Today’s profile is with Nick Bortot from BUX.
BUX is the smartphone app that makes stock trading accessible to everybody.
Our questions are in bold.
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Who are you and what’s your background?
My Name is Nick Bortot and I am the founder and CEO of BUX. Previously I was a board member and one of the driving forces of BinckBank – a major Dutch online brokerage company. I took BinckBank from start up, to IPO, to a 1 billion dollar company, resulting in over 15 years of experience in online brokerage. I have a Bachelor in Business Administration from Nyenrode University and a Masters’ degree in International Affairs from the University of Amsterdam. I believe I ended up in online brokerage because I really feel that the financial markets make up the biggest and best game in the world. 😉
What is your job title and what are your general responsibilities?
I am the founder and the CEO of BUX. I am focussed on building a great team and I try to keep all the noses of our people facing the same direction: to make the world of stock trading more fun and more accessible to all. On a day-to-day business I oversee all marketing, PR, media and communications efforts.
Can you give us an overview of your business?
BUX is a smartphone app that makes stock trading accessible to everybody. Playing the financial markets has never been so easy and straightforward. With BUX everyone can experience the excitement of the stock exchange even if a one doesn’t have tonnes of trading experience or wads of cash to spend. There’s a trader in everyone. Come and join the Big Boys!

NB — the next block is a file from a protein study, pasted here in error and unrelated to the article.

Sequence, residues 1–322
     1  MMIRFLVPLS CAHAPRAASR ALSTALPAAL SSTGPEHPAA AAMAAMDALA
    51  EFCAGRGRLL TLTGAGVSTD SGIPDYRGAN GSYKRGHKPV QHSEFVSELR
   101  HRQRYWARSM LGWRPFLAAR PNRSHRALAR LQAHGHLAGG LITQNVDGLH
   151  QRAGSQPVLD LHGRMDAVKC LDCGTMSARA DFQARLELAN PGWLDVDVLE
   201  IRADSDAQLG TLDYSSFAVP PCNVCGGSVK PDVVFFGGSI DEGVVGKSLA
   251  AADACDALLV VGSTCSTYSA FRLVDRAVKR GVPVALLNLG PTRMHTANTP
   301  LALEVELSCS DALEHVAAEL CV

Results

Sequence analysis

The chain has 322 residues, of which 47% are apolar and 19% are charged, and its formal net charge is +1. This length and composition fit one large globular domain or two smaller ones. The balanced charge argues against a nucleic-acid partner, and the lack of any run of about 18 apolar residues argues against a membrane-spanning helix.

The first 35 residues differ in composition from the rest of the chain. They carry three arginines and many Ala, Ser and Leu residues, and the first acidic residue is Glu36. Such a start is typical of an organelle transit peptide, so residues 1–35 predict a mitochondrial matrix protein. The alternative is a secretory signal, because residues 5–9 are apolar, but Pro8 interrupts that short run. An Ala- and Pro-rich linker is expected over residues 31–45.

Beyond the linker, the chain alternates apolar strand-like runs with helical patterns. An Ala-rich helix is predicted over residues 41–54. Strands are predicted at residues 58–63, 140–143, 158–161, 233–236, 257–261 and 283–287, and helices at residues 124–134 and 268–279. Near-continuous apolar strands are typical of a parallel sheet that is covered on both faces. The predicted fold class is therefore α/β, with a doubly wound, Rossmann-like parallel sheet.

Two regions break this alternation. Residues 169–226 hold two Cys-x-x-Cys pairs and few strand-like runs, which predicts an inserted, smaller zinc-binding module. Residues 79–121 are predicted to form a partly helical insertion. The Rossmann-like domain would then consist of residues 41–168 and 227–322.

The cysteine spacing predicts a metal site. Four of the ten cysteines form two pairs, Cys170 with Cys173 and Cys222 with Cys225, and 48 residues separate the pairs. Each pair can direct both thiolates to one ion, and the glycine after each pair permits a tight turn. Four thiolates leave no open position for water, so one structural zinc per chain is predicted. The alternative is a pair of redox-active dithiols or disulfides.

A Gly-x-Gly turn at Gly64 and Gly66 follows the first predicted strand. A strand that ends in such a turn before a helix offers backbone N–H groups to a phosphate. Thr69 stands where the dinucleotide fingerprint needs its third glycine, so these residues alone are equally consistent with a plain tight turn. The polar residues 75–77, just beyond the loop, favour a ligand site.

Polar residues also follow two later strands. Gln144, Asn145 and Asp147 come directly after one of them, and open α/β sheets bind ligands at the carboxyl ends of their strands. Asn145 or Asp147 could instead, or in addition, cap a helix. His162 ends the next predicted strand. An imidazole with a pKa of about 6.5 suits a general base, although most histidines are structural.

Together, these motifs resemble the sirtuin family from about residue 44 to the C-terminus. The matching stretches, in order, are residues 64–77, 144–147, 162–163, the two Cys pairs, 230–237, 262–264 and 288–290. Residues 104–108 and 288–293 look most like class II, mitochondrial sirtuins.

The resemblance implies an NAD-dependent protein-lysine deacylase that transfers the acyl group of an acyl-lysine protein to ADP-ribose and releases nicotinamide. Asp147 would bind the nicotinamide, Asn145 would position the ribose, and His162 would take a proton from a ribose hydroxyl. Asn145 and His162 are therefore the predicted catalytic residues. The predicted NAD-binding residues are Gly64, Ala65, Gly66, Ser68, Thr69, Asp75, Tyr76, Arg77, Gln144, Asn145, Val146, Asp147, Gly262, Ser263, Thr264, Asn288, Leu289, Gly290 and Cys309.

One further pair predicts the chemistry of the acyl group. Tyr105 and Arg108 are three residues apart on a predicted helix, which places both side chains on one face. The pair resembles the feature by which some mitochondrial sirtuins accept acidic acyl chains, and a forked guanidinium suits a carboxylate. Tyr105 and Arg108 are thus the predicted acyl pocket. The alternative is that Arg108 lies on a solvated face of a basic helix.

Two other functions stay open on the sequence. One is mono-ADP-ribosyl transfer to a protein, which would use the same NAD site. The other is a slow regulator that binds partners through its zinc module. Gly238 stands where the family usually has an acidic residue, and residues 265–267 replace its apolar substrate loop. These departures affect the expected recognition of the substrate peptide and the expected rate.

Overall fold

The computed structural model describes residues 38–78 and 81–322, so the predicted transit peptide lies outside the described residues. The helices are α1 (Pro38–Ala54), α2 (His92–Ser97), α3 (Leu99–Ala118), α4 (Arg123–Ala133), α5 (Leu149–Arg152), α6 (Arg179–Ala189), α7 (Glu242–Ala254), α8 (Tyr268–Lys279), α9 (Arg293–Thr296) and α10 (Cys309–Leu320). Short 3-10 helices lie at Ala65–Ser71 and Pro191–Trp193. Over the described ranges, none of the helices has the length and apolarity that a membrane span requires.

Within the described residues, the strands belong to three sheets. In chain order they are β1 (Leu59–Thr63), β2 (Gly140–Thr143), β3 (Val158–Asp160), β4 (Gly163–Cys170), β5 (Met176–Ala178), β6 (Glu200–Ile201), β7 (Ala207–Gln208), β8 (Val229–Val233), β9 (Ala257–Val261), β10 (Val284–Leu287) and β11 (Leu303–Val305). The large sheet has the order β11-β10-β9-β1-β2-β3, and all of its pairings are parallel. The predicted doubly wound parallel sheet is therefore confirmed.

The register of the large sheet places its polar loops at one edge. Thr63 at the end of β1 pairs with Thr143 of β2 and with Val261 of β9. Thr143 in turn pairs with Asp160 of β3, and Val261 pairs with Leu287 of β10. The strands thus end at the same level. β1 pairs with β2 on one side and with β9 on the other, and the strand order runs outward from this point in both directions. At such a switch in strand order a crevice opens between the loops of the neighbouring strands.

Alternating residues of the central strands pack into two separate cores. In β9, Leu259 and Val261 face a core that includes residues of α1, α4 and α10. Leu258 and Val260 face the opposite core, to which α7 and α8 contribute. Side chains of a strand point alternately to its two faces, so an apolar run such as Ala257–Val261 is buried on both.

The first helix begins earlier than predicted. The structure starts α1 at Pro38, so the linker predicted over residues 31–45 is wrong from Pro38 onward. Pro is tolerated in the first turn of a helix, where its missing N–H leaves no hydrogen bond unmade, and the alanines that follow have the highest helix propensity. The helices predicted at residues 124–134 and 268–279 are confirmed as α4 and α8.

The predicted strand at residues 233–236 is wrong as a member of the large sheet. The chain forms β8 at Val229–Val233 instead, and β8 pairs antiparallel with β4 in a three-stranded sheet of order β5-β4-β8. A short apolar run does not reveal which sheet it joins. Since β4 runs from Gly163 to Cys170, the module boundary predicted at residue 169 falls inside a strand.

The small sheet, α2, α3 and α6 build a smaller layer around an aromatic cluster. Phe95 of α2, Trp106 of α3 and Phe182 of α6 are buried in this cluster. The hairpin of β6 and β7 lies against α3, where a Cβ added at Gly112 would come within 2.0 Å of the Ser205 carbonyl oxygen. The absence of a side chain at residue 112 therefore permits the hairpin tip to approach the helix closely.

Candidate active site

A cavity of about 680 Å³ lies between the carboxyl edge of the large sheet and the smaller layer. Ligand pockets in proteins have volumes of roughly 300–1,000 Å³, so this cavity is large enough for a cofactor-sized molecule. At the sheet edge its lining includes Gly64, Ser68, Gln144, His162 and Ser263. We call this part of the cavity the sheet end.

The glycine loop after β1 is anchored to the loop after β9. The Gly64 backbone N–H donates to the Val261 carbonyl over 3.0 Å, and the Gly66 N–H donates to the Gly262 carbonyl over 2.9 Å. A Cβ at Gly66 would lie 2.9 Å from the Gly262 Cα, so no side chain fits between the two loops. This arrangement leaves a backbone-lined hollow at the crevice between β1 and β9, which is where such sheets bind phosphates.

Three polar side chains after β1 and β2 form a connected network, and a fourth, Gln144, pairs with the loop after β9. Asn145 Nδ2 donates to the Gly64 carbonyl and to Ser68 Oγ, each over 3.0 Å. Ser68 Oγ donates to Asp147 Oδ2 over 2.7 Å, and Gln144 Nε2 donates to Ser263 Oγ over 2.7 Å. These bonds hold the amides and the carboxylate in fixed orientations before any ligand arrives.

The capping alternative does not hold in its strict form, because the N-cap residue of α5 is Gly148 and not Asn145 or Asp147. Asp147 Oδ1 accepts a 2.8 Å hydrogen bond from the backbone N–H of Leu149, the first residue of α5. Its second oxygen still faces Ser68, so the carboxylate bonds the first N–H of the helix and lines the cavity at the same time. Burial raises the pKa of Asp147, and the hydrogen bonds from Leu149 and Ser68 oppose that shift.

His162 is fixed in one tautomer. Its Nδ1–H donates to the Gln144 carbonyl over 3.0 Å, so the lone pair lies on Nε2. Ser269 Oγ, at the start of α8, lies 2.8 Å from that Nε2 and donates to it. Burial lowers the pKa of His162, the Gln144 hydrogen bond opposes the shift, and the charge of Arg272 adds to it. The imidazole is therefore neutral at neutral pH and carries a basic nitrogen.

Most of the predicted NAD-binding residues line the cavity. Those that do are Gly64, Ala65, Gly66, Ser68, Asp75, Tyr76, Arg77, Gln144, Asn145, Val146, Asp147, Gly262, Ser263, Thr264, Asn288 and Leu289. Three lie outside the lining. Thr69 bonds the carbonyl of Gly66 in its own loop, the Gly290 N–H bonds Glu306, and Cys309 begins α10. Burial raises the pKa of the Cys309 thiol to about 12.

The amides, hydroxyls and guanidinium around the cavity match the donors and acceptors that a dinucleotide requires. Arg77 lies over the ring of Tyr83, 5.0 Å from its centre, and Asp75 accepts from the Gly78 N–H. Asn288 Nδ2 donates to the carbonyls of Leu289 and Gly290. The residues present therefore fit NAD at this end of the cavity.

Users (BUXsters in our vocabulary) start completely for free with funBUX. When they feel they’re ready they can decide to switch to trading with real money; seriousBUX.
At the moment we’re live in the Netherlands and the UK only and we very recently started in Germany. We’ve currently got around 220,000 users. The total trade value processed since BUX’s launch in September 2014 is over £1.2 billion.
Tell us how you are funded.
We funded BUX ourselves initially. Orange Growth Capital financed the first round of funding. Initial Capital led the recently closed second round of £1.2M, with Velocity Capital and other Angel Investors participating as well.
Why did you start the company? To solve what problems?
We think playing the financial markets is the best game in the world. A game that shouldn’t only be enjoyed by the Big Boy Bankers, but one that everyone should have access to. But unfortunately, up until today, stock trading has been way too complex. Your typical trading platform looks like a HiFi-set from the eighties: it’s a maze of buttons, sliders, blinking lights, numbers, and complex jargon, built to impress those ‘in the know’. That’s why BUX finally makes trading easily accessible and fun for everybody.